2022: Richard Edwards, Carol Kazdan, Kimberly Williams 
2023 Levente Hajdu, JoAnn Semeraro, Stephen Huysman

 

Membership Renewal Form

Please fill out the Membership Form here on the website, when renewing or joining. Just type your information into the form and print it out.

The form will print out with all your information right on the form. This makes it much easier for our Membership Secretary to read. It is extremely important to get your email address correct for you to receive all the LI Hort communications. Please send the filled out form with your check to: Katherine Readinger 12 Evans Court, Huntington Station, NY 11746   Access the Membership Form Here

From the Editor....

I hope everyone had a great Thanksgiving with family get togethers either in person or in Zoom. Now I'm planning a Zoom Christmas with my brother's family.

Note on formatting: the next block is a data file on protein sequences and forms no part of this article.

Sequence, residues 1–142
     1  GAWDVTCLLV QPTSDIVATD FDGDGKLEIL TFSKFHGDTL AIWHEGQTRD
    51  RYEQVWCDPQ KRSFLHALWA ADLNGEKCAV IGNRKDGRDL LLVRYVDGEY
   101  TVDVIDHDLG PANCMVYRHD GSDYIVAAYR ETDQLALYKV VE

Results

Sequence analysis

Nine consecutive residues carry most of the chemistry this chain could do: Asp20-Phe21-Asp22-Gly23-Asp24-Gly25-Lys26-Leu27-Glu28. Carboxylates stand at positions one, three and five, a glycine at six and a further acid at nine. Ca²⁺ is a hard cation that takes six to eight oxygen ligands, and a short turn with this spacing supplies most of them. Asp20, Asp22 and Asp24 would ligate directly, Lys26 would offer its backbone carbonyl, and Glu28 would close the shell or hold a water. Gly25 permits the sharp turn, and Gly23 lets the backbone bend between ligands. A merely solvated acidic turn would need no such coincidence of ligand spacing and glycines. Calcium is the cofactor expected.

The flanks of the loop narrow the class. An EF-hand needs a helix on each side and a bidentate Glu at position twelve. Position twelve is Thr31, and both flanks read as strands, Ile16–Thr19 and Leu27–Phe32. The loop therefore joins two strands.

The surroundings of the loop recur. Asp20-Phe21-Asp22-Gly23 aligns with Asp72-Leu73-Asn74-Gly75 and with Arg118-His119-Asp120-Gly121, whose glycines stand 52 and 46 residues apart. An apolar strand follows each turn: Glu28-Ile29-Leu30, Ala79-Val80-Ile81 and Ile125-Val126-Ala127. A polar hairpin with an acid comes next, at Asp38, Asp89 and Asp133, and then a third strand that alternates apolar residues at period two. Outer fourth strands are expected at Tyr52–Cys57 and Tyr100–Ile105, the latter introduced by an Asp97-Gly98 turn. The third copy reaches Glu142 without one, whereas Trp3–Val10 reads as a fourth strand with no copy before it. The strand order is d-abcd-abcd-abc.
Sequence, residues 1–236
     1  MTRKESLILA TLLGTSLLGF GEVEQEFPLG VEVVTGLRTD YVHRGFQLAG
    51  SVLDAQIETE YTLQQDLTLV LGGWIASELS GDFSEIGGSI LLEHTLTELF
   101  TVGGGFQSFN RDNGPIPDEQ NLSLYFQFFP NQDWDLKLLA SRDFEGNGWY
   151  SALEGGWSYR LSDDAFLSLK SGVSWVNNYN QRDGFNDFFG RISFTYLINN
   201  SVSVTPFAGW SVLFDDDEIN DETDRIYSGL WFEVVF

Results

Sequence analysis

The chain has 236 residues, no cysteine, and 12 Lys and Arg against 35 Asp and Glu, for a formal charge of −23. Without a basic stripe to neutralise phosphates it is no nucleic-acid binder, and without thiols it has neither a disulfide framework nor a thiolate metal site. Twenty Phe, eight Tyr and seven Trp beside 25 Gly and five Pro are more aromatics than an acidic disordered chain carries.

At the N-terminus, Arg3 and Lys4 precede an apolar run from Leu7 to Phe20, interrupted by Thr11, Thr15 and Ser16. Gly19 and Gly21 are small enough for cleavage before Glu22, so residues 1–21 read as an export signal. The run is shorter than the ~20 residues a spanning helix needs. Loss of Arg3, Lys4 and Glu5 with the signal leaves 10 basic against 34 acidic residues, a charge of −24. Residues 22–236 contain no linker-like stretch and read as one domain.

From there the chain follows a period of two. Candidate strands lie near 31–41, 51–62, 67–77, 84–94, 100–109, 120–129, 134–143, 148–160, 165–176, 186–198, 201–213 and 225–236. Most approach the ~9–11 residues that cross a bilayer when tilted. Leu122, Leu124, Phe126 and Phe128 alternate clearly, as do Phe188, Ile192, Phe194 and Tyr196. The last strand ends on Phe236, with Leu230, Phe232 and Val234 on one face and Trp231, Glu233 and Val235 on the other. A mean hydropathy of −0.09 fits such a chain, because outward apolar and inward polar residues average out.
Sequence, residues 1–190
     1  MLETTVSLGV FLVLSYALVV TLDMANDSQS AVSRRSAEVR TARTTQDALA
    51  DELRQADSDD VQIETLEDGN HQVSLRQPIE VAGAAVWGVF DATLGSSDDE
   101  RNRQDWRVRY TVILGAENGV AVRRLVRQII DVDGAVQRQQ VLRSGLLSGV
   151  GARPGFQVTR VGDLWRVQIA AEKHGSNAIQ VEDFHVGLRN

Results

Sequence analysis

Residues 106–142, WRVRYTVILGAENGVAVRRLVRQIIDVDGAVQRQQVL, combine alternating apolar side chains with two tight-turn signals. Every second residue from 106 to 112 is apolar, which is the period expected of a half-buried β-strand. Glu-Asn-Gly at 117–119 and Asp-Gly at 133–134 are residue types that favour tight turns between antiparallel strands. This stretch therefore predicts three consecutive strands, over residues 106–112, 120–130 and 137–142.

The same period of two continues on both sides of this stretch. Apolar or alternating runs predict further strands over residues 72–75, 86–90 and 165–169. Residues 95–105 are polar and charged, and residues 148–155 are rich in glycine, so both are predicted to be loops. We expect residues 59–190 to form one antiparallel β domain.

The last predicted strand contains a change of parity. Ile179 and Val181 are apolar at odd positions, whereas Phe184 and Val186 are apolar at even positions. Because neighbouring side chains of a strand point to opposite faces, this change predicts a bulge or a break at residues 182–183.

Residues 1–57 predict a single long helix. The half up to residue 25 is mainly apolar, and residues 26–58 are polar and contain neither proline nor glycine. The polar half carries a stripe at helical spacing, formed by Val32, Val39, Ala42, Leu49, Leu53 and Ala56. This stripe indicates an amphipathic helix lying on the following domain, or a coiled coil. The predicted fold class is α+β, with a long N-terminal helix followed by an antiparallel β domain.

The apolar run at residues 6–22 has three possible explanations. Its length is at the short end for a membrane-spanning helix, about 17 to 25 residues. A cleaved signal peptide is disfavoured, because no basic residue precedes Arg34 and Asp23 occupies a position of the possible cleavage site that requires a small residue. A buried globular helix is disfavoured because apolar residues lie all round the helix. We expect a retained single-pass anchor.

New Projects I'm working on lately: I just started getting interested in Bonsai. I found a great resource on Youtube - Heron's Bonsai. Peter Chan has been doing bonsai for over 30 years and he makes it very accessible. Showing how to use ordinary nursery material and no fancy tools just pruning shears and aluminum wire. I have created 2 bonsai plants already. I cut a Chamaecyparis "Boulevard"named "Fluffy". I have had Fluffy for over 15 years in a pot but I hadn't pruned or wired it before because I didn't know how. After watching many of Peter Chan's videos I felt confident enough to try.